MANILA – The elevation of Manila Archbishop Luis Antonio Tagle to the College of Cardinals by Pope Benedict XVI will make the Filipino prelate a “potential future Pope,” Italian journalist Andrea Tornielli in her write-up in the Vatican Insider, said.
Tagle was one of the six new cardinals named by Benedict XVI to the elite club of churchmen who will elect the next pope.
“The Filipino archbishop has become a potential candidate for the papacy but 52 percent of electing cardinals are still European,” Tornielli said. Cardinal Tagle, at 55, is “an emerging figure in the Asian Episcopate and a potential future Pope...”
The Pontiff formally elevated Tagle, together with five other new cardinals, at an elaborate ceremony held in the Vatican Saturday.
The other new cardinals are Archbishop James Michael Harvey of the United States; Abuja, Nigeria Archbishop John Olorunfemi Onaiyekan; Bogota, Colombia Archbishop Ruben Salazar Gomez; Patriarch of Antioch of the Maronites in Lebanon, His Beatitude Bechara Boutros Rai; and the major Archbishop of the Trivandrum of the Siro-Malankaresi in India, His Beatitude Baselios Cleemis Thottunkal.
The cardinals are the ones who elect a Pope.
A Filipino cardinal or any other cardinal from Asia becoming a Pope is farfetched at the moment as “Europe and Italy still retain considerable influence,” Tornielli said.
“There are 62 European cardinal electors (52 percent of the entire electoral body), 28 of these Italians, or 23 percent of the voting cardinals. North America has 14 electors, while Latin America has 21, Africa and Asia 11, and Oceania has one,” she pointed out.
Tornielli added: “Despite the College of Cardinals’ drive for internationalization, which Pius XII had given strong impetus to, cardinal percentages still reflect Old Europe’s heavy influence and are not in tune with the development and expansion of Catholicism in the last half century. Indeed, according to the latest statistics published, which compare figures from 2010 to those of the previous year, the number of Catholics in Africa and Asia are growing, whereas in Europe they are dropping. Even in terms of priest numbers, Europe’s figure is negative (-905) whereas an increase can be seen in Africa (+761) and Asia (+1,695). But Consistories do not seem to reflect this trend. During the last two pontificates, the number of Africans being created cardinals was low while the Curia was awash with Europeans."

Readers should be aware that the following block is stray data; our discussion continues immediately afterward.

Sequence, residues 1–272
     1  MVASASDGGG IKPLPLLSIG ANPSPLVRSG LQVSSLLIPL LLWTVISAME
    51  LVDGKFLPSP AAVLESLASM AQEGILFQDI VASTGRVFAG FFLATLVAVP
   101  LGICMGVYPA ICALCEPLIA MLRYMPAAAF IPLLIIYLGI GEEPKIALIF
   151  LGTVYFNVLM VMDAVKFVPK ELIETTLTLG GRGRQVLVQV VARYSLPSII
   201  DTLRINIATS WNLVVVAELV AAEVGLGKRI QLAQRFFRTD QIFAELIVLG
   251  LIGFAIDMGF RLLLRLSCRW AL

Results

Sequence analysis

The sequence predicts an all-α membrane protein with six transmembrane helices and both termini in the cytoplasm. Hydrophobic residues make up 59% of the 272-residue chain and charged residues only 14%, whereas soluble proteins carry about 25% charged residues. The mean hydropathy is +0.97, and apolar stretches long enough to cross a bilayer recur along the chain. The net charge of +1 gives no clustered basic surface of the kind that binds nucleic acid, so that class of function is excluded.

“At the moment, there are no particular concerns regarding Benedict XVI’s health. He will be celebrating his 86th birthday next April. But everyone is aware of his increased frailty so it is only normal for people to ask themselves at each Consistory - as was the case when Wojtyla was still Pope - which cardinals could be the likeliest and most suitable candidates for the papacy.
"While the favorite during the last Consistory was the Archbishop of New York, Timothy Dolan, it now appears to be Filipino Cardinal Tagle. He is considered to be too young for the papacy, should a conclave be held in the next two to three years but his influence is nevertheless destined to grow,” Tornielli pointed out.
Cardinal Tagle, who is still in Rome, is expected to say his first Mass as Prince of the Church at the Basilica of Saint Paul Sunday, which is the Feast of Christ the King.
The Philippine delegation, led by Vice President Jejomar Binay, together with Manila Archbishop Emeritus Gaudencio Cardinal Rosales, Tagle’s parents Manuel and Milagros, other relatives, and priests from the Archdiocese of Manila will attend the mass officiated by the cardinal.
Known for his charisma and boyish look, even before becoming Archbishop of Manila, Tagle has been hosting the popular television show “Word Exposed” that deals on Catholic life and teachings, being an associate professor of Systematic Theology at the Loyola School of Theology of the Ateneo de Manila University.
His penchant for helping the poor and the downtrodden makes him more popular among the masses.
Tagle has been championing against abortion, contraception, particularly the controversial Reproductive Health bill now pending before Congress.*PNA
back to top